The Meric System: Does it Pass the Test?
I’ve had an interesting topic cross my path on two different occasions within the last month. As usual, when that happens, I take notice.
This time around the topic is The Meric System. Now, I might ruffle a feather or two on this one, but onward I go! What is the Meric System? Simply put it is a chart that claims to correlate vertebral subluxations with areas and parts of the body and possible symptoms (see below)
While some of the correlations make sense from a musculoskeletal perspective, it’s all of the visceral correlations that come into question.
My first encounter with the chart was at a Mastermind Meeting with other manual therapists. This topic was brought up to be discussed. None of the practitioners used the system nor felt it was accurate. I went onto Pubmed and could find no published reference on the Meric System whatsoever. I left it at that.
However, quite recently, I came across a newly (2021… but that’s still ‘new’) published paper.
Côté P, Hartvigsen J, Axén I, et al. The global summit on the efficacy and effectiveness of spinal manipulative therapy for the prevention and treatment of non-musculoskeletal disorders: a systematic review of the literature. Chiropr Man Therap. 2021 Feb 17;29(1):8.
What is the gist of the paper?
On September 14-15, 2019, in Toronto, Canada, 50 researchers from 8 countries and 28 observers from 18 chiropractic organizations met in a Global Summit to determine the efficacy and effectiveness of spinal manipulative therapy for the primary, secondary and tertiary prevention of non-musculoskeletal disorders. Here is their conclusion:
“Our systematic review included six randomized clinical trials (534 participants) of acceptable or high quality investigating the efficacy or effectiveness of SMT [Spinal Manipulative Therapy] for the treatment of non-musculoskeletal disorders. We found no evidence of an effect of SMT for the management of non-musculoskeletal disorders including infantile colic, childhood asthma, hypertension, primary dysmenorrheal, and migraine. This finding challenges the validity of the theory that treating spinal dysfunctions with SMT has a physiological effect on organs and their function. Governments, payers, regulators, educators and clinicians should consider this evidence when developing policies about the use and reimbursement of SMT for non-musculoskeletal disorders.”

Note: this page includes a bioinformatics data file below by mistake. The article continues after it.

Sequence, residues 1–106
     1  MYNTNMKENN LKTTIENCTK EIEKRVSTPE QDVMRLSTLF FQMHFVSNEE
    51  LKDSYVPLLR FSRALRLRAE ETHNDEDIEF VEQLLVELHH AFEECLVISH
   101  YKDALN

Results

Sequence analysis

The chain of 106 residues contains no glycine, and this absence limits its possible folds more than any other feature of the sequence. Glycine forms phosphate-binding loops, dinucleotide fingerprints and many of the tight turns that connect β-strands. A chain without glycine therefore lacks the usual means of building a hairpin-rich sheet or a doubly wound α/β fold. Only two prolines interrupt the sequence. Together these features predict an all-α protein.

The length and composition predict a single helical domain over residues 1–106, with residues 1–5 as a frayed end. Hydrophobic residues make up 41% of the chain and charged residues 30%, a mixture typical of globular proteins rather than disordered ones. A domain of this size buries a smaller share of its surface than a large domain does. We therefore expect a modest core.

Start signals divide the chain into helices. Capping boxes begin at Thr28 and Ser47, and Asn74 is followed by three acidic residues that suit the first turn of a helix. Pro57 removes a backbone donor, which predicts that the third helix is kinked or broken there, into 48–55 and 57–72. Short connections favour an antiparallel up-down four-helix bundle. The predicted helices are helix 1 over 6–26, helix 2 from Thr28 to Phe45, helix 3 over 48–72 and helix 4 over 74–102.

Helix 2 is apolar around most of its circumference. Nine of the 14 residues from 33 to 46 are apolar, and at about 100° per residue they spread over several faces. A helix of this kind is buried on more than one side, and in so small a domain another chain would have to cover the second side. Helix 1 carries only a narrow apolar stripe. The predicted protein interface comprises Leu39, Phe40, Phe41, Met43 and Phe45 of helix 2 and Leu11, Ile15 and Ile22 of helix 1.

It should be noted that six of 50 participants (12%) in the Global Summit did not approve the final report.
Why do you care?
1) I think it’s important that we all strive towards Evidence Informed practice.
2) Simply to know.
3) IF you meet with the argument that your manipulation / mobilization of the animal spine might inadvertently ‘mask’ a visceral disorder (and therefore should not be allowed to perform such treatment unless you are a veterinarian), then this paper dispels that myth as well. (Yes, I’ve heard this argument!)
I hope you find this useful!